History of Kollam city Police
DPO Building at Mundakkal road, Kollam.
Kerala Police, in its present form, dates back to 1956 when the state itself was created in the course of re-organization of states following the independence of India in 1947. In the pre-independence era, the region consisted of the princely states of Travancore and Cochin, and the Malabar region that came under the erstwhile province of Madras. Although the princely states did have their traditional forms of policing all along, the semblance of a modern police force was created in the late 19th century under the British rule. Oliver H. Bensley became the first Superintendent of Police for the state of Travancore in 1881. As the organization grew, Khan Bahadur Sayyid Abdul Karim Suhrawardy became the first Inspector General of Police of Travancore in 1938. The state of Cochin got its first IGP in 1942. The IGP of Malabar was based at Madras. Many of the handwritten records and the weaponry used by the police force over a century ago survive to this date and provide an interesting peep into the past of the organization, the way it functioned and the society it served.
Kollam (Anglicised name: Quilon, pronounced koy-lon) is a city in the Indian state of Kerala. The city is situated about 71 kilometres (44 mi) north of the state capital, Thiruvananthapuram. It is the headquarters of the Kollam district. Kollam is the fourth largest city in Kerala and is known for cashew processing and coir manufacturing. The city lies on the shores of Ashtamudi Lake. It is the southern gateway to the Kerala Backwaters of Kerala and is a prominent tourist destination.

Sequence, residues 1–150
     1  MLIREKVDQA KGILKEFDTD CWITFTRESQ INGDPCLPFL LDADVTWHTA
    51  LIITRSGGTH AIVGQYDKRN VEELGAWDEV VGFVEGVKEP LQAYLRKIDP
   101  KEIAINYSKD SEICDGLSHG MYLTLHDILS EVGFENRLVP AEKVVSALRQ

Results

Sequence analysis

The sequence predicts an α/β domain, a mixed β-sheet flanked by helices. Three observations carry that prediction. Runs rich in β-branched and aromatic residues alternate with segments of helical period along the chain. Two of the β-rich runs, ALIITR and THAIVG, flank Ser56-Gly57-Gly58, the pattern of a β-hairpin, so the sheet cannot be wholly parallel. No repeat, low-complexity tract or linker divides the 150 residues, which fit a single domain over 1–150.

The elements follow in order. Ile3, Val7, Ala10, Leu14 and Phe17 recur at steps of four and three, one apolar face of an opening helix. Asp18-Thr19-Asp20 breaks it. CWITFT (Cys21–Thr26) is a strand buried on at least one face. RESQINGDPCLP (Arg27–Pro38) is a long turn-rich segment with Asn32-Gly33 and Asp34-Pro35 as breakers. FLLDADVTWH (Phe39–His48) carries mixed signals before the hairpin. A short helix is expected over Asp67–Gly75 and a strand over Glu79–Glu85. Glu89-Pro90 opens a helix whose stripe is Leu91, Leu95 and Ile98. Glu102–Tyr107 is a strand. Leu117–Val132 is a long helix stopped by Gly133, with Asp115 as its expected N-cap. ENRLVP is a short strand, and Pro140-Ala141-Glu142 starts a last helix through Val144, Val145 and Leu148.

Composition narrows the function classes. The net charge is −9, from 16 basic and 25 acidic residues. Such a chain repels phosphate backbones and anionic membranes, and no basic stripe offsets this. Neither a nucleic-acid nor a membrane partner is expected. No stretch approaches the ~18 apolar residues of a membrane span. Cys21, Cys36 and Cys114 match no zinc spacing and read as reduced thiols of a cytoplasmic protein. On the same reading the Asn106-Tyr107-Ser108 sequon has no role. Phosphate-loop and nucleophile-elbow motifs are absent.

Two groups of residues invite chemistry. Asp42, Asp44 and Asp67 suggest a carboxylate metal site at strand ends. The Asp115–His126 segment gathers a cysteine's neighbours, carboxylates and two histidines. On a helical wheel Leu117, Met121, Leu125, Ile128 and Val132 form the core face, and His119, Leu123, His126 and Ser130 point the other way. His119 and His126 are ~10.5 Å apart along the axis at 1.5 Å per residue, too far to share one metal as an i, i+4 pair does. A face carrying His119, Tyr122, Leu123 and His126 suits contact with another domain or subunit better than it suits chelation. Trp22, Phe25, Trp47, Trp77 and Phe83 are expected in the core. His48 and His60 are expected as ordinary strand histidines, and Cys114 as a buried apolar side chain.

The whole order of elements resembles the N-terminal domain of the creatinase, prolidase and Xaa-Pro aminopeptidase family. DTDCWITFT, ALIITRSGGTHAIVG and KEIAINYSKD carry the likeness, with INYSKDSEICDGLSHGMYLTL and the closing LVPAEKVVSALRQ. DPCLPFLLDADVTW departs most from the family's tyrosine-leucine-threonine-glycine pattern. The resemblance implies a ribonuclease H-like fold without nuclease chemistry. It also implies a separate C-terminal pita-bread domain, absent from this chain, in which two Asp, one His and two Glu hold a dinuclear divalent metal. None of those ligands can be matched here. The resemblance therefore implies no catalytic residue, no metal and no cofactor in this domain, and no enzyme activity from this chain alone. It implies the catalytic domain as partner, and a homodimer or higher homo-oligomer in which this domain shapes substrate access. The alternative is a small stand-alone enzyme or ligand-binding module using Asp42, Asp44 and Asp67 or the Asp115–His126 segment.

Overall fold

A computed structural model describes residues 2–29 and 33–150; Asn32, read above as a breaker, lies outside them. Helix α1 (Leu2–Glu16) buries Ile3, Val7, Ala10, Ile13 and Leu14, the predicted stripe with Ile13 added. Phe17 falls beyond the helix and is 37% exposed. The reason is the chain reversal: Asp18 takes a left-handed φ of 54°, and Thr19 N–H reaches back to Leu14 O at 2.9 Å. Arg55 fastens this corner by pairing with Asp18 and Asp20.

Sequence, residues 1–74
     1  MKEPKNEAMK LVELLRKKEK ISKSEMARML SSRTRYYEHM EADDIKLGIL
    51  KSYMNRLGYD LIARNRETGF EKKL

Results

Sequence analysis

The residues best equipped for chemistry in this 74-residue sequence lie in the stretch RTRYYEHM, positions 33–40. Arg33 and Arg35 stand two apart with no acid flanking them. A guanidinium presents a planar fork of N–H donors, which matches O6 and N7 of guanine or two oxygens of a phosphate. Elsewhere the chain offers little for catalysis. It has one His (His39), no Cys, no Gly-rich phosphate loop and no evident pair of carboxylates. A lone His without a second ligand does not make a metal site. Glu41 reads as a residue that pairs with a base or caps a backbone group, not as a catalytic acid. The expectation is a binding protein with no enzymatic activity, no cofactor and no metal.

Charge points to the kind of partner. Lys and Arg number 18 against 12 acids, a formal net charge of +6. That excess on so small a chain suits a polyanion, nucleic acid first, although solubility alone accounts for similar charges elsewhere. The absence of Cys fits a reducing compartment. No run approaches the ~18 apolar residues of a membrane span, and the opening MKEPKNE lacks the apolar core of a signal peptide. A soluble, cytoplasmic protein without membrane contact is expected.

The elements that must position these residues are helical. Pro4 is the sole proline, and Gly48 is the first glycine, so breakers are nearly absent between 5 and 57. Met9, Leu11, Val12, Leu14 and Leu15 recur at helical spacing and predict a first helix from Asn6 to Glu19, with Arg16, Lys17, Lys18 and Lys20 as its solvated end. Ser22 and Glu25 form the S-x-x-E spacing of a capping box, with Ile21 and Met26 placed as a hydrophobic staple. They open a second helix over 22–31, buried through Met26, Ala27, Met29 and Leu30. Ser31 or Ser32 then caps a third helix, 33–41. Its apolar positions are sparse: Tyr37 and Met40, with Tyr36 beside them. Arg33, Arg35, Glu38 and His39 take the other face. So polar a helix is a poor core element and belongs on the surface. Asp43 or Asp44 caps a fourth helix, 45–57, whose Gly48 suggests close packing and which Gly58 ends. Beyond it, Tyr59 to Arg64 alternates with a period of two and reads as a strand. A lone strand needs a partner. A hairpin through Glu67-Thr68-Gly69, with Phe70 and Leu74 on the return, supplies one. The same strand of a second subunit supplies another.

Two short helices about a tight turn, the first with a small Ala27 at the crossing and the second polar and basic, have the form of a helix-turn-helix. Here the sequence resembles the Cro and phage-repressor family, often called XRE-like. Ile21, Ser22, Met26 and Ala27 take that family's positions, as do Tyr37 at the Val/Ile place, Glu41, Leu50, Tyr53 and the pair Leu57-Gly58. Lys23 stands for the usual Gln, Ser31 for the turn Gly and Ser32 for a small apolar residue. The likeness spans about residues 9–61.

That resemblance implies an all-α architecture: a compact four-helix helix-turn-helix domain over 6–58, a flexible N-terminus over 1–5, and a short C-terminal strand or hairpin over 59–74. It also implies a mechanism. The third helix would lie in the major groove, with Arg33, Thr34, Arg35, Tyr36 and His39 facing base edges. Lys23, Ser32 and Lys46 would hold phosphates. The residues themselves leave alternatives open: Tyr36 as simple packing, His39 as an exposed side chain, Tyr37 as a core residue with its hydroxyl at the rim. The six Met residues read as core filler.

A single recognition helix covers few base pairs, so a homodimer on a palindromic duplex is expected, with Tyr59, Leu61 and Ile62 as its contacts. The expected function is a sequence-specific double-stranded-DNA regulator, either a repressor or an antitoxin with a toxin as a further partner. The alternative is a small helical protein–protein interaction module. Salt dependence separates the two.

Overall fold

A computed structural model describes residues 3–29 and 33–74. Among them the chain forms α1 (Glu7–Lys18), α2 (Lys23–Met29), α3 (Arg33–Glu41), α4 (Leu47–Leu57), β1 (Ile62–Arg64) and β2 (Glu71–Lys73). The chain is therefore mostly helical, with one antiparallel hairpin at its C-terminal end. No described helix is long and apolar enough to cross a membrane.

Kollam was formerly called Quilon and Tarsish. During the rule of the Travancore monarchy in southern Kerala, Kollam was the focal point of trade. Today, Kollam is a major business and commercial centre in the central Travancore region of Kerala. Quilon or Kollam , an old sea port town on the Arabian coast , stands on the Ashtamudi lake. Kollam , the erstwhile Desinganadu, had a sustained commercial reputation from the days of the Phoenicians and the Romans. Fed by the Chinese trade, it was regarded by Ibn Batuta, as one of the five ports , which he had seen in the course of his travels during a period of twenty four years, in the 14th century.
New DPO Building , Kollam.
Velu Thampi Dalawa of Travancore, did much for the improvement of the Kollam town. He build new bazaars and invited merchants from Madras and Thirunelveli to settle here. Kollam later became the capital of the enlightened and liberal rulers of Desinganad. It was also the nerve center for the rebellion organized by Velu Thampi against the British.
Once a city of palaces, Kollam has been known to the outside world, by the time honoured proverb, "Once you have seen Kollam you would no more need your illam Kollam is the capital of Kerala's cashew industry. Plains, mountains, lakes, lagoons and backwaters, forests, farmland and rivers make up the topography of the district. The area had trading relationships with Phoenicia and Ancient Rome. About 30 percent of the district is covered by Ashtamudi Lake, making it a gateway to the Kerala backwaters. Kollam is also known as The God's Own Capital.